The birth of Utah Gin
Beehive Distilling’s flagship Jack Rabbit Gin began out of pragmatism. Chris says, “We all love whiskey, but that’s a really hard one to jump into – unless you’re making a white whiskey that nobody really drinks, or just buying someone else’s whiskey and pretending you make it yourself.” He adds, “None of us liked either of those two scenarios… you either make vodka or gin.” As creative people, the answer seemed obvious. “So gin was it.”
Its Jack Rabbit Gin features seven botanicals: Albanian juniper, lemon peels, coriander seeds, grains of paradise, orris root, rose petals – and for that local feel – sage leaves. If you’ve ever driven across the sagebrush deserts of Utah after a spring rain, Jack Rabbit Gin captures that spirit.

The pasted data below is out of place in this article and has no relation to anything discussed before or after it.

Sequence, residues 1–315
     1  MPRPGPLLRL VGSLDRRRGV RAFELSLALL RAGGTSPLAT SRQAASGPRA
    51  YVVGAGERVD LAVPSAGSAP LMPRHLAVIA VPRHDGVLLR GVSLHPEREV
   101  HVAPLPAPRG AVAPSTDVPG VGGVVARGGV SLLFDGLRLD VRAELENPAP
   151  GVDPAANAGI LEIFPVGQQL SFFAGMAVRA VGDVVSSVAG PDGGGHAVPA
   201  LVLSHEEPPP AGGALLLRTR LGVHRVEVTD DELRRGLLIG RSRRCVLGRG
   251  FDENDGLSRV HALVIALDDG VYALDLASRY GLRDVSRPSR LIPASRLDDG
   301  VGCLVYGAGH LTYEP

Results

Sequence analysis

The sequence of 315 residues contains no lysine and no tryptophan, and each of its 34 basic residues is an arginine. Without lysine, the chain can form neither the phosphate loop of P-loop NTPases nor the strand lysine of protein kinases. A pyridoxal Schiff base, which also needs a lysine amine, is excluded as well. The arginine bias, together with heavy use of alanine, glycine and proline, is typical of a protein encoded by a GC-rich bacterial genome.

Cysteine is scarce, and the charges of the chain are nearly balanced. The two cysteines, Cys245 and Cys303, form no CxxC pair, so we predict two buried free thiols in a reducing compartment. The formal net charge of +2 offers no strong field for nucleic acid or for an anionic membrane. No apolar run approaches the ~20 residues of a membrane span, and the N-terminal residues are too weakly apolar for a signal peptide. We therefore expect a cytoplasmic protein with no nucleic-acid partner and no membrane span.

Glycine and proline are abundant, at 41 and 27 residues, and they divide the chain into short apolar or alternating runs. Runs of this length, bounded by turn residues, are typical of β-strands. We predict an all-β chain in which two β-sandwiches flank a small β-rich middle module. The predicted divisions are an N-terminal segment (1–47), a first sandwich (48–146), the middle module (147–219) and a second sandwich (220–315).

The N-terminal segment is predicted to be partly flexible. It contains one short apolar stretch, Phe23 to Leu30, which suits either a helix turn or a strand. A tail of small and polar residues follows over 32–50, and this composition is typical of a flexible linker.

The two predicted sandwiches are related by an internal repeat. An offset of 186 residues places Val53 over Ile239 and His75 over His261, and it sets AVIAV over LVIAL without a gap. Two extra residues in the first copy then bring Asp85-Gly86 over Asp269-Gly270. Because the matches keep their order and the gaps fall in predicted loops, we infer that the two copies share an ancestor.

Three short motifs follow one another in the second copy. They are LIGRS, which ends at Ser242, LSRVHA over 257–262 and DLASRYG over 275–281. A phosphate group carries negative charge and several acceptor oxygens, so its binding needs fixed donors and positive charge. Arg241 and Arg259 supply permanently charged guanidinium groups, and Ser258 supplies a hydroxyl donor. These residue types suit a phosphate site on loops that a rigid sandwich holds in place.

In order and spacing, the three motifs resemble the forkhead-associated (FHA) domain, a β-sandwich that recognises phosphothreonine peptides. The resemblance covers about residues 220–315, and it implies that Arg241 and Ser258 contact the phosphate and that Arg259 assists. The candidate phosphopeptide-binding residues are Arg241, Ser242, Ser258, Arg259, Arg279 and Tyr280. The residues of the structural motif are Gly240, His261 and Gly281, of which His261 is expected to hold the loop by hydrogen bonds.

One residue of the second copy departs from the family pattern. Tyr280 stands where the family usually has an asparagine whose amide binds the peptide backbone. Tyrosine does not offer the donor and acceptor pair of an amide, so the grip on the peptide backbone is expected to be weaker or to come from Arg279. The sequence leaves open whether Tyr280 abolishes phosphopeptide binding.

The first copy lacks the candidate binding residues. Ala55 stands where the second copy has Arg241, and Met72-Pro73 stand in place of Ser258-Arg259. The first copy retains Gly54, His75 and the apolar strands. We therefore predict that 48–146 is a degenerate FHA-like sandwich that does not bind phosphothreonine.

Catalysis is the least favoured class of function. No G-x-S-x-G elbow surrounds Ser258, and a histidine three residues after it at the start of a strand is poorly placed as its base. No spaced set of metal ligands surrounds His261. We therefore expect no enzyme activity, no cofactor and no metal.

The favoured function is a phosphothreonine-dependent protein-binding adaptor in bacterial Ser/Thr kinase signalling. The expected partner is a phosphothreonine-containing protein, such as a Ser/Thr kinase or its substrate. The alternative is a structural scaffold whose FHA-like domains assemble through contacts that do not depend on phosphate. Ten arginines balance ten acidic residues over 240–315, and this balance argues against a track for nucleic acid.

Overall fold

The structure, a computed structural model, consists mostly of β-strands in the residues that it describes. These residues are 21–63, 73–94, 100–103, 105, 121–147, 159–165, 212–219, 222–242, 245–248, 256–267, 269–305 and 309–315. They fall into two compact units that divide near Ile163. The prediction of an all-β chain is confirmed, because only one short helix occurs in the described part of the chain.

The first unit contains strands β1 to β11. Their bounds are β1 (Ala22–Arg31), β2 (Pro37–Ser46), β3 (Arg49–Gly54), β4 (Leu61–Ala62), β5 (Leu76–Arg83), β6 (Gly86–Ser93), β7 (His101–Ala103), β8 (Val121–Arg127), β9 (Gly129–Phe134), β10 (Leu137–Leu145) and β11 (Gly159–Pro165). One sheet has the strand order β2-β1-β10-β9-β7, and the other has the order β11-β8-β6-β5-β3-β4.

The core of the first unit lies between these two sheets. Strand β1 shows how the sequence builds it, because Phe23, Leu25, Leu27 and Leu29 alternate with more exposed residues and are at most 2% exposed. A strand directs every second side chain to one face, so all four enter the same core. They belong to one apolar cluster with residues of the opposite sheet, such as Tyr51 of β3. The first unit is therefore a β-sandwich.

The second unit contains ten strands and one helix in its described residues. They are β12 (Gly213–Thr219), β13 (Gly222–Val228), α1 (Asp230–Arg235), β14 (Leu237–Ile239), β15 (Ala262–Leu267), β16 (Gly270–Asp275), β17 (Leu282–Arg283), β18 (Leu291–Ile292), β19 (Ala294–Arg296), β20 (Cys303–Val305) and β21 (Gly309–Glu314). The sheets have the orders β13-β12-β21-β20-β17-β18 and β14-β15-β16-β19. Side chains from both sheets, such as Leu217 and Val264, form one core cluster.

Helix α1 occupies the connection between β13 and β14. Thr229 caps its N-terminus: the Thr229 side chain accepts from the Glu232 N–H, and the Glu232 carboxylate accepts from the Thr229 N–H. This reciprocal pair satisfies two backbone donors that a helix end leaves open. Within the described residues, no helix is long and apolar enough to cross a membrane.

The straightforward botanical bill is by design. “As marketing guys, nothing sounds more hokey than touting the huge number of botanicals,” Chris said, and “all you can pick are four or five anyway.”
The processing of the botanicals is split between a combination of twenty-four hours maceration (crushed juniper berries, coriander, orris root and grains of paradise) and vapor infusion in a gin basket.
“Especially for the fresh [lemon] zest I found that it really lost that freshness you get in a nice cocktail when we soaked it…. this was very true with the rose as well. Macerating it just killed the lightness and fresh scent.”
All of this happens on an 80 gallon column hybrid still that Chris described as “more of a franken-still.” Chris says, it’s “cobbled-together, not really a name-brand type.”